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Is there any design pattern to hide content under the toggle / accordion on the mobile and to show it fully on the desktop?

I have a list, that I'm hiding on small resolutions and showing on desktop. Is it a good practice or you should rather avoid it?

enter image description here

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    I believe that is good to hide specific elements on smaller screens. It sometimes depends on the content. "Advantages" maybe is something that you shouldn't hide, since in my eyes seems important. Can we have some context on it? – Dimitra Miha Apr 6 '17 at 9:51
  • @DimitraMiha modified image a bit. I actually provide a small description for mobile with key things; and those are not advantages but rather what's included in the trip. My assertion is that user on the mobile won't scroll through a long list of included stuff. – Runnick Apr 7 '17 at 10:58
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    That sounds valid. I think that a sum up of the features included is interesting for the user, small or bigger screens. Maybe I would also change the +Learn more => See all the features included or smth similar. – Dimitra Miha Apr 7 '17 at 11:35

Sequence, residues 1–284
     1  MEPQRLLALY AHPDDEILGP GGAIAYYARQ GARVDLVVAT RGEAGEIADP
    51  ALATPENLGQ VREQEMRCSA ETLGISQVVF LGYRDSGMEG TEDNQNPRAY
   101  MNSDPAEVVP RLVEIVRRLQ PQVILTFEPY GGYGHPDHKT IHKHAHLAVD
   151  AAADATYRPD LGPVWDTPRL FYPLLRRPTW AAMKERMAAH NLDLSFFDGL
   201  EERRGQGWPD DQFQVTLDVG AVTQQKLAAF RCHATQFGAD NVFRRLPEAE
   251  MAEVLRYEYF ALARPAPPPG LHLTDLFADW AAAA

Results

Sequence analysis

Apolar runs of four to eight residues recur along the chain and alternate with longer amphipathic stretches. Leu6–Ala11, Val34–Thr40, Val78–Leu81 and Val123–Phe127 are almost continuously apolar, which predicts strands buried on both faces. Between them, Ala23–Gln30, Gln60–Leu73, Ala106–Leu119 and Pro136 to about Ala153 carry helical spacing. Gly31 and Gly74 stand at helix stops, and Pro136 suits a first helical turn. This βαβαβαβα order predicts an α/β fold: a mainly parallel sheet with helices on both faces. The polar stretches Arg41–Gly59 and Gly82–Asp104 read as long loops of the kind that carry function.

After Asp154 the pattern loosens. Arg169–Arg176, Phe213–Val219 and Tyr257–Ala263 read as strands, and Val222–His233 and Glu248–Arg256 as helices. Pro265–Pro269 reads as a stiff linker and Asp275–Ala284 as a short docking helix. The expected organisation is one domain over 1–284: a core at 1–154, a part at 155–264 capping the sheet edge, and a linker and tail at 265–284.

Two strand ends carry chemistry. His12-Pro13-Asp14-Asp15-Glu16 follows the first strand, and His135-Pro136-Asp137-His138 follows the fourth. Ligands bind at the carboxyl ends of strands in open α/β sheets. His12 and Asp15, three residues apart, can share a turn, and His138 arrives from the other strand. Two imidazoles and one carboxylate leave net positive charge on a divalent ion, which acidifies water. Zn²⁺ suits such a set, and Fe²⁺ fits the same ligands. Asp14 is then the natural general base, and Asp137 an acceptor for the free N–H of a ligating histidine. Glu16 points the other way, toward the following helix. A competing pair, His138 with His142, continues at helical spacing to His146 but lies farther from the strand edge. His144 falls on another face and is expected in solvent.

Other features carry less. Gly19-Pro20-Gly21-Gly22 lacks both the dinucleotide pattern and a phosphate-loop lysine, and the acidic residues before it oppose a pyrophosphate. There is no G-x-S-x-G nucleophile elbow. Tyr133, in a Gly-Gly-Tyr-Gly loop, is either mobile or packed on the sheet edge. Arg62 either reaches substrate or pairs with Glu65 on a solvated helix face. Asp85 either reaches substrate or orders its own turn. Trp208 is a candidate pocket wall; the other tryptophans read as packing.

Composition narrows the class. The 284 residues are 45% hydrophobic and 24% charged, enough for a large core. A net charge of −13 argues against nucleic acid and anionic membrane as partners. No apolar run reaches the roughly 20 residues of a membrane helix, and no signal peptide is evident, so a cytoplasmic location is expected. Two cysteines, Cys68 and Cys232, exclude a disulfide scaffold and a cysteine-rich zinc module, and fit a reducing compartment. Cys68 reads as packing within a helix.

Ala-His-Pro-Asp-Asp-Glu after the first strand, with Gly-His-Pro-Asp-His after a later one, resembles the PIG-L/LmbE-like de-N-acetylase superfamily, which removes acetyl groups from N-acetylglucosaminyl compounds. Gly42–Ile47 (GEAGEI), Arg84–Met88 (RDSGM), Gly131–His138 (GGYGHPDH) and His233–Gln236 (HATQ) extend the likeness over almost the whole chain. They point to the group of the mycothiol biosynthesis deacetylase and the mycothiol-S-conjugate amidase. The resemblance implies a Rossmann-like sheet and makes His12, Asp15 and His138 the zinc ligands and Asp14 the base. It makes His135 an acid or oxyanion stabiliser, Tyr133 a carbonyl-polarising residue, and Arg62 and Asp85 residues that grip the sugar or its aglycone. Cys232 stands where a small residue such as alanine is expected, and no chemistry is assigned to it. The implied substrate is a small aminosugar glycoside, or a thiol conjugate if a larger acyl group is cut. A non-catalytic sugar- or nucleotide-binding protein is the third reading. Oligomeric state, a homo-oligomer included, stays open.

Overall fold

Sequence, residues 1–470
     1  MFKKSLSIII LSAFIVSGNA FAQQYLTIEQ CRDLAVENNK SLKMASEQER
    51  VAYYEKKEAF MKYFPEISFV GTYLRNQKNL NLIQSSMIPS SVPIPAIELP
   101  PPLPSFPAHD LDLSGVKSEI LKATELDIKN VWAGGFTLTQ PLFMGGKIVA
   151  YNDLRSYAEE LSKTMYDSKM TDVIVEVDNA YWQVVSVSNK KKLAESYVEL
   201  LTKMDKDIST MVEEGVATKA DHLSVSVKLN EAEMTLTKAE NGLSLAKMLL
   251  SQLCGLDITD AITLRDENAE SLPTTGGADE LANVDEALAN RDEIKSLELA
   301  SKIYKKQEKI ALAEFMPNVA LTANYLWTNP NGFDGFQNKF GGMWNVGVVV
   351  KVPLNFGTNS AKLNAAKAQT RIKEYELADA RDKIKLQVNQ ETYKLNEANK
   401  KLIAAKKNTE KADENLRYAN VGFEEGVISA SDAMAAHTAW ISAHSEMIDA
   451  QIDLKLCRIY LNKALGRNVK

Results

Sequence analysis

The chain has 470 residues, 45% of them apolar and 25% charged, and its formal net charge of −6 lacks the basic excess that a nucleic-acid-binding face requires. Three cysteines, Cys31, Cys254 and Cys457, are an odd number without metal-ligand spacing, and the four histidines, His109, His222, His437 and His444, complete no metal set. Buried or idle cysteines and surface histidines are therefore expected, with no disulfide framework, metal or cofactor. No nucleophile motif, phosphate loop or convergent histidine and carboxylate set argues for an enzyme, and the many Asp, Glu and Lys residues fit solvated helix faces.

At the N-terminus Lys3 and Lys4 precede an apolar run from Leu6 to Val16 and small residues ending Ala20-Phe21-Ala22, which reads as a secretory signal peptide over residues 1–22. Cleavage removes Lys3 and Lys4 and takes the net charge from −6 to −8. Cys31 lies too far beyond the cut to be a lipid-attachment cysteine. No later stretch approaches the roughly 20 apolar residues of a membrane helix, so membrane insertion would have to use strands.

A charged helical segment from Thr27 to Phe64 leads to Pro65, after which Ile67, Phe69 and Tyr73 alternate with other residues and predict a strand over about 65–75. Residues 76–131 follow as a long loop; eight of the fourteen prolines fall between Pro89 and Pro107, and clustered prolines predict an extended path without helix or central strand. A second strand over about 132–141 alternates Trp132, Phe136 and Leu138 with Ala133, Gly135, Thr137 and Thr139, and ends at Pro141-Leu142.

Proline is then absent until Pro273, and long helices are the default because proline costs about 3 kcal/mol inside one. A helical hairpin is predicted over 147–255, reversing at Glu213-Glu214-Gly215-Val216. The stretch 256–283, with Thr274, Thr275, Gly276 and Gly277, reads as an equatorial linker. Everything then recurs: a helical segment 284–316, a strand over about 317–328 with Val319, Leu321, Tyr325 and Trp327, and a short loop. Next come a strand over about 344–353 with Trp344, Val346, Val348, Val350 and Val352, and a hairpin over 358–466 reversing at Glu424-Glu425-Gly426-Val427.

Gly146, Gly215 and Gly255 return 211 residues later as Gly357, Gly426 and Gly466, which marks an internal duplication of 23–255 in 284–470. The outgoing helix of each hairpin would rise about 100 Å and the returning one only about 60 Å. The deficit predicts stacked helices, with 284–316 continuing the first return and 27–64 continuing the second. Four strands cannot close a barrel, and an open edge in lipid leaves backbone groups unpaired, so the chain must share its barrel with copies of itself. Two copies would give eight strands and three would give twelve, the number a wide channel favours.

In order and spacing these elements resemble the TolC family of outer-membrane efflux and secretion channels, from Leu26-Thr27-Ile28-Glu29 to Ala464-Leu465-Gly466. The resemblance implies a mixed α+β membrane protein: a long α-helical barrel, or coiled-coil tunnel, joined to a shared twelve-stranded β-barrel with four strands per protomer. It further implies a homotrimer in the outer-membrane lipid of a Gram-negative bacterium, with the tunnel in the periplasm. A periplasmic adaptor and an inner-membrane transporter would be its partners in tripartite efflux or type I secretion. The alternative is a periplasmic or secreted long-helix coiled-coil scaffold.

• Not exactly the same, but a hamburger menu in Material Design should be always open on the desktop, but closed on mobile – penalosa Apr 7 '17 at 18:02
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Yes, revealing varying degrees of content based upon the screen size is good practice. Delivering responsive content can be just as important as a responsive layout. A good progressive disclosure strategy aims to appropriately show the content in each form factor that's required for the user to make a click decision. Google Material Design, even if you're not using the component library, has some simple guidance:

"Content on a small screen that only appears after tapping an element may be revealed by default when more space is available."

Source: https://material.io/guidelines/layout/responsive-ui.html#responsive-ui-patterns

Think about your unique usage pattern and what your users need to know when deciding whether/which links to click for further action or detail.

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